Soaked Cubes

Keeping up with the needs of an aging horse is no easy task, (and could easily fill this blog for a couple of months). Our old guy, Henley, seems to do well for a while and then suddenly something changes with him and we notice he is losing weight. There seems to be a cumulative effect, where he is fine with a certain amount of food until all of a sudden he isn’t. He is 30 years old, and is a finicky eater. Anxiety is his main personality trait, and it gets more pronounced when he is hungry. It is the horse version of “hangry”. So when he started acting weird for a couple of days, we went to his food.

Geriatric Horse Smoothies

Due to Henley’s geriatric state he is starting to lose some teeth, and the ones he has left are quite worn down. The poor guy can’t eat regular hay, he gums it to get the taste and then spits it out in a gooey clump. His meals are made of soaked alfalfa hay cubes and soaked senior feed, in separate buckets. I imagine that this is a bit like being on a thick, smoothie only diet. It must get old. He doesn’t always eat it down in one sitting, but a few mouthfuls here and there as the day progresses. The old man also disapproves of any additives such as oil or supplements. He is a purist, and will turn his nose up at anything you try to hide in his soggy meals. Feeding him can be a bit of a challenge.

The Perfect Soak

One of the issues we always seem to run up against is how well soaked the alfalfa cubes are. It is a bit like the Goldilocks story in trying to find the right consistency. Too dry and the hay cubes are too hard for him to eat, and they could actually cause some dangerous issues as they expand in his system, such as choking. Too soupy and he can’t get a mouthful. Henley is not one to dunk his nose as I have seen other horses do. The old guy demands that it be just right, or he just won’t eat. Typical of Henley, he has us scampering to serve to him.

Now, this may seem like a simple thing. Soak the hay cubes to the desired consistency and feed. However making sure your picky, anxious, thirty year old’s hay is properly soaked to his “just right” is trickier than one might think. No one has time to add water, stir, add more water, stir, and repeat when there are 40 other horses to feed all with their own requirements and peculiarities. Therefore, I decided that if we can find the perfect water to alfalfa cube ratio so that the staff can just measure both and stir once, then we can simplify everything. It is just math, right?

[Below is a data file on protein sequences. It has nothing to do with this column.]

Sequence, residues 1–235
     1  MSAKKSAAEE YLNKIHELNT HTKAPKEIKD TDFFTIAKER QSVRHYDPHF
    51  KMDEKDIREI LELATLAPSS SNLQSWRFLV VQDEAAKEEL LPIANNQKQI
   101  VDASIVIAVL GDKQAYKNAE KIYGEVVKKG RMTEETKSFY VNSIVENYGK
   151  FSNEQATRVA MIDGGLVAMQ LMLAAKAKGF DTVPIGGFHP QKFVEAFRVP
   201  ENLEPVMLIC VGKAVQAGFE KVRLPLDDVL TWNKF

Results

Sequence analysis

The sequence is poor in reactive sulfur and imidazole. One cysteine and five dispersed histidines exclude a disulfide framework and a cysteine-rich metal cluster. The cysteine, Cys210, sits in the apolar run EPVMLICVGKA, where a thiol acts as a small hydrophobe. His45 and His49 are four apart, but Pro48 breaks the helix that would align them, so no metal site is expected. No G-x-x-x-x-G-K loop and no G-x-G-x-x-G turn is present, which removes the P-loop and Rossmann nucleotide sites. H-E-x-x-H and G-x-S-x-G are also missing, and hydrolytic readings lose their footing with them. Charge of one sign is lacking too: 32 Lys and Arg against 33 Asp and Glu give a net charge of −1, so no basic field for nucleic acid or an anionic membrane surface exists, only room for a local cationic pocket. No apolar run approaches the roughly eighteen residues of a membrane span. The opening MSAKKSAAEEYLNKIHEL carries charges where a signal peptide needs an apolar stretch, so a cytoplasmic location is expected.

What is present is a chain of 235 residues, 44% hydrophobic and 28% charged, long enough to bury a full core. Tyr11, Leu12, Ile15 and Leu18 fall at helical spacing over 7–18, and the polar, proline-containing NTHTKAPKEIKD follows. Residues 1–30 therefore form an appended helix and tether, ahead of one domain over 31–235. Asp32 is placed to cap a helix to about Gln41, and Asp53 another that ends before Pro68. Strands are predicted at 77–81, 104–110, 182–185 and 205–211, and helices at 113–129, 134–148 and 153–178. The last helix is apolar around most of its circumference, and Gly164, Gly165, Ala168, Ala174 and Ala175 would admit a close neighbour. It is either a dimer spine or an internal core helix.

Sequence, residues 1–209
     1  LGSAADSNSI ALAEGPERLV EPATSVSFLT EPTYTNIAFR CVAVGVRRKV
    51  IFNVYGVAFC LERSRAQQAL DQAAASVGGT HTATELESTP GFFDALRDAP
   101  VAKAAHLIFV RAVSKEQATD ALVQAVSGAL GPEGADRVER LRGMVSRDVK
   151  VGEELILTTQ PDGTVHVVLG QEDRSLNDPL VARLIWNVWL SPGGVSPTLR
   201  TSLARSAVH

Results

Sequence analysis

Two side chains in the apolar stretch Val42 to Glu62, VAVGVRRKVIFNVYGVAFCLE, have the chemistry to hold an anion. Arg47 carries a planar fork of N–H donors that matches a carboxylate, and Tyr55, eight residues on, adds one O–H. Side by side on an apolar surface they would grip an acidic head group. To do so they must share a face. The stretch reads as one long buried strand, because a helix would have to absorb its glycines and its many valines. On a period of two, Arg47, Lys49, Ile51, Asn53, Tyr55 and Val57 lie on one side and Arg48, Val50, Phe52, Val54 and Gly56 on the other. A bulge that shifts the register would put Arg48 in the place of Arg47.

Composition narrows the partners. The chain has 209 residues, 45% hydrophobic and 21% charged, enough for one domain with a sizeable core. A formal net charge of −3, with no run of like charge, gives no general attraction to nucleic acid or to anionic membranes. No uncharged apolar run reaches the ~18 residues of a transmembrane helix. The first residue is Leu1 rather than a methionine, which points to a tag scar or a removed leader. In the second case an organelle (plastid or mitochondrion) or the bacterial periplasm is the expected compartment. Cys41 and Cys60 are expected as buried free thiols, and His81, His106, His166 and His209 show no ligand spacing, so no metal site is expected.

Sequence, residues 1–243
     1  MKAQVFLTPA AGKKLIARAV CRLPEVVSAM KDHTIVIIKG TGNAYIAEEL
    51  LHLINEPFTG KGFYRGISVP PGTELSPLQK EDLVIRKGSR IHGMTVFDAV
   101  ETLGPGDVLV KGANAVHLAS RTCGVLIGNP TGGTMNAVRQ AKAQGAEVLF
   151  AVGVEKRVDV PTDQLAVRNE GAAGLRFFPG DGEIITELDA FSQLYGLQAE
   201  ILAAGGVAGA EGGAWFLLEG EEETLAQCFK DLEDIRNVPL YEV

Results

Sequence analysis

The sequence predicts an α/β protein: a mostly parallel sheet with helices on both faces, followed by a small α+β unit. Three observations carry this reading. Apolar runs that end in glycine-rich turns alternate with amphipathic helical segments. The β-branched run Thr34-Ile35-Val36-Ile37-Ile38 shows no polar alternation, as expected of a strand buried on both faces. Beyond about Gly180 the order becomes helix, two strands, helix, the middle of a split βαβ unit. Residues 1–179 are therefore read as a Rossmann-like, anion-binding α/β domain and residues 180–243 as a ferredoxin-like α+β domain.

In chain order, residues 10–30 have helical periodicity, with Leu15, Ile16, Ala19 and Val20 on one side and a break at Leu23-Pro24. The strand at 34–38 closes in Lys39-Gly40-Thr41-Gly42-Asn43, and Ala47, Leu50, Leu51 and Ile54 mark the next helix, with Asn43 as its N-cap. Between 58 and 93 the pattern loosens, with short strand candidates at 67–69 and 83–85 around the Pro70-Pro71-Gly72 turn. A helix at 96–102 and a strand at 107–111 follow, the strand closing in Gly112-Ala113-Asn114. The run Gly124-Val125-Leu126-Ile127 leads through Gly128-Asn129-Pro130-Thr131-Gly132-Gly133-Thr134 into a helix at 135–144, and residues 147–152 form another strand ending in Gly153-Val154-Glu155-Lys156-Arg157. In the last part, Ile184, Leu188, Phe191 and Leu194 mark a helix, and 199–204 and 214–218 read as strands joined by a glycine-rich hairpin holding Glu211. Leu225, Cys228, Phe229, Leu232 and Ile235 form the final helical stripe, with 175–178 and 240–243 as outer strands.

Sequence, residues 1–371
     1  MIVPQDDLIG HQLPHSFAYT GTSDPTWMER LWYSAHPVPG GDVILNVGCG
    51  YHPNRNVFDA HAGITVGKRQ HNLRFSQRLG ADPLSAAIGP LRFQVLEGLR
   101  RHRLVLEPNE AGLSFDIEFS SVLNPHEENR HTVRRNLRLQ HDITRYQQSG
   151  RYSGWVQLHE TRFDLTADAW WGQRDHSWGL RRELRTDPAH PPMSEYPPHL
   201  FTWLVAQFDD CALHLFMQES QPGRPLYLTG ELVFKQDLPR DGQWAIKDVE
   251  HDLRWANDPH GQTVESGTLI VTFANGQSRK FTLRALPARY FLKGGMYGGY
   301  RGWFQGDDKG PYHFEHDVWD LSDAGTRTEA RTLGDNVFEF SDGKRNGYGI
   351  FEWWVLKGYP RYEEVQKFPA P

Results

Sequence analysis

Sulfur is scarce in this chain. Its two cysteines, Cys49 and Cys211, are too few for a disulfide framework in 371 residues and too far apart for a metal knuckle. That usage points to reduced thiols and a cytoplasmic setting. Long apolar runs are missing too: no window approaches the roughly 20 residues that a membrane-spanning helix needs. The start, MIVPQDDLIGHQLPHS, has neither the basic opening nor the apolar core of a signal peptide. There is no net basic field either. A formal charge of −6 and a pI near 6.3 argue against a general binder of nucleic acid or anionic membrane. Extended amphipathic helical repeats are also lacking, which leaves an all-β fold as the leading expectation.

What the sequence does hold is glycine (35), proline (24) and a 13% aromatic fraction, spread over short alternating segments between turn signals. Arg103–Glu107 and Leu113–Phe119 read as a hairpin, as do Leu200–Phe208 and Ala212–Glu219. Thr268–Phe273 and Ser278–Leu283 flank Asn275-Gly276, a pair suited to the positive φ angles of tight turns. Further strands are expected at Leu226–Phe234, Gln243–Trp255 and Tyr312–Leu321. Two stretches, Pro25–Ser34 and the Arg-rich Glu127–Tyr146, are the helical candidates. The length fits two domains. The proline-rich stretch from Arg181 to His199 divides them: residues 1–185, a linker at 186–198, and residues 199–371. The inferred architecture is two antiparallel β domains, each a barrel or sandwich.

The Experiment

I figured that if I can find the right ratio of water to alfalfa cubes in a small amount we can just proportionately apply that to Henley’s meal measurement. So, I experimented with one cup of alfalfa cubes. I tried it with four, six, and seven cups of water soaked for an hour. Seven was definitely optimal, however I feel eight could work as well. It has enough water that the cubes expand into a desired consistency with no more than one stir. It also wouldn’t be too wet or sloppy so as to lose some of that texture we have noticed he still craves, or create a situation where he would have to dig for his supper.

Henley typically gets two scoops of alfalfa cubes at each feeding. That would mean whomever is setting it up would have to count out 14 scoops of water. Again, this just is not efficient. The solution I came up with is to set up the bucket with the alfalfa and water as you first pour it in and score the water level on the bucket with a knife. This way all anyone has to do is add his alfalfa and then fill it up with water to the mark in the bucket, let it sit for an hour, give it a stir, and voila!

I think it will work.

They Are Worth It

Henley sure is a prima donna. He has us catering to his every need. Everyone loves him. They always comment on how cute he is and how spunky he can still be.  We work hard to maintain his health and weight at his age, and it pays off! He still has a light in his eye, knows he is loved, and is able to be a part of it all. He is family after all.

 

Keep riding with Equine Diaries!

Note: Everything on this site is based on personal experience and research. We do not profess it to be an absolute truth, as everything can change based on someone’s experience, situation, horse, and background knowledge. If you see something that you feel needs another perspective, or if you would like to add any factual knowledge, please reach out to us with your thoughts and resources. We are open-minded and welcome constructive input.


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